Another quake shakes county
Published 12:00 am Tuesday, August 31, 2004
A small earthquake shook Helena and Alabaster Saturday, but few people noticed the mild temblor. The earthquake was the second to hit Shelby County in two weeks.
The 2.8-magnitude quake happened just after midnight Saturday. According to the U.S. Geological Survey, the quake centered about six miles southwest of Helena and six miles south of Alabaster.
Earlier in August, a 3.5-magnitude quake hit near Montevallo and Alabaster. Also, Helena sustained a 3.3-magnitude quake in May and another small temblor in March.
Despite the activity, USGS officials said Shelby County is not at risk of any damaging earthquakes.
According to David Russ, chief geologist for the eastern region of the USGS, earthquakes are noticeable at a magnitude of 3.0 or higher. He said a quake with a magnitude of 4.0 or greater will usually wake people out of their sleep.The largest likely quake for Shelby County is about 4.0, Russ said.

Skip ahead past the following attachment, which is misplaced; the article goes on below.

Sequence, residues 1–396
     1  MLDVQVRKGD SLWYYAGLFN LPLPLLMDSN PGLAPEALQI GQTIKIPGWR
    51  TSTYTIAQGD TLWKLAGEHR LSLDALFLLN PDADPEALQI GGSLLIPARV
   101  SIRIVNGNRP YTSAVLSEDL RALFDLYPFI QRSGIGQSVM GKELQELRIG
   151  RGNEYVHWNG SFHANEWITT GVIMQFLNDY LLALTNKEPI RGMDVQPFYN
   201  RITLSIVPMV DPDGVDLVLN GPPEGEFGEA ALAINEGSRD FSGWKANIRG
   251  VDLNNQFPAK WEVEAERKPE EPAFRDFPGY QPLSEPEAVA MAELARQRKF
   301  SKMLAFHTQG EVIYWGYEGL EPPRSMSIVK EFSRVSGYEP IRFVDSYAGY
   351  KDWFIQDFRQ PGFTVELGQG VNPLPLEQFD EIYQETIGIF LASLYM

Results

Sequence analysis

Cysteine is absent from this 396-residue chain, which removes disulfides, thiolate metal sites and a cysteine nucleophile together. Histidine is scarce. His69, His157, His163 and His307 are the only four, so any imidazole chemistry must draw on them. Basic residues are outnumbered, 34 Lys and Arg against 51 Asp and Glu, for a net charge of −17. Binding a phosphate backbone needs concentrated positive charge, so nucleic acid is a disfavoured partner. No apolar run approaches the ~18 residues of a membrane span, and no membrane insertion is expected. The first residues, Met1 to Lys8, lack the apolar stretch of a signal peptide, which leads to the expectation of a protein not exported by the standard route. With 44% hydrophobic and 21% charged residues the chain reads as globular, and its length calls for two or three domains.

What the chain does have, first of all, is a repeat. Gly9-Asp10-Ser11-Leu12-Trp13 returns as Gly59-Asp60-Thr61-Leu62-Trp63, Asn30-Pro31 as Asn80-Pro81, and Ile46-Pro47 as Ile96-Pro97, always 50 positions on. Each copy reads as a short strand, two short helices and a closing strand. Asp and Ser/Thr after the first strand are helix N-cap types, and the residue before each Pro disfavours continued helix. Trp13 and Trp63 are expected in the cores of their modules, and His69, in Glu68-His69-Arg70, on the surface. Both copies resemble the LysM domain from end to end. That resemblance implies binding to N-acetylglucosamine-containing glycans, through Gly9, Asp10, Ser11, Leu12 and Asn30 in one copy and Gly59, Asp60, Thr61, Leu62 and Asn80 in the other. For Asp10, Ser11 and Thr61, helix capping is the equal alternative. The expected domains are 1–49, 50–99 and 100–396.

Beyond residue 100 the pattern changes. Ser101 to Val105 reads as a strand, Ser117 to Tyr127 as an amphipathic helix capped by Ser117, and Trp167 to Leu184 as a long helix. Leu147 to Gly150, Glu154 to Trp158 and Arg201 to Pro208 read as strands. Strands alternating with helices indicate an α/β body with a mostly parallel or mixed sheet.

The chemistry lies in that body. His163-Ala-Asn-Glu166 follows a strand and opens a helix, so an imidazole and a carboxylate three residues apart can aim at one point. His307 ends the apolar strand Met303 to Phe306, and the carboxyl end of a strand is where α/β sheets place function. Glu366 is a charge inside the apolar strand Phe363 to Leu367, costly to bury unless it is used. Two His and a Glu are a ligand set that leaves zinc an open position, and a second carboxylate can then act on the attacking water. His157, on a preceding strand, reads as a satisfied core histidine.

However, a 4.9-magnitude temblor did strike northeast Alabama and Georgia in April 2003.
Damage usually occurs with quakes measuring 5.2 to 5.3, Russ said. Significant damage occurs at about 6 on the Richter scale.
Russ said he believes the recent string of earthquakes in Shelby County is related to the readjustment of geologic structures at the southern end of the Appalachians.
All areas are susceptible to earthquakes due to the dynamic nature of the earth’s crust, Russ said. Earthquakes occur on faults in the earth’s crust when pressure exceeds the strength of the rock and it breaks.
The gradual westward drift of the North American plate shifts rock in the earth’s crust.
According to Russ, the closest area for a large, damaging earthquake is the New Madrid seismic zone in the Mississippi River valley of Missouri, Arkansas and Tennessee.
In 1811 and 1812, three earthquakes measuring greater than magnitude 8.0 occurred within three days along the Mississippi River in New Madrid, Mo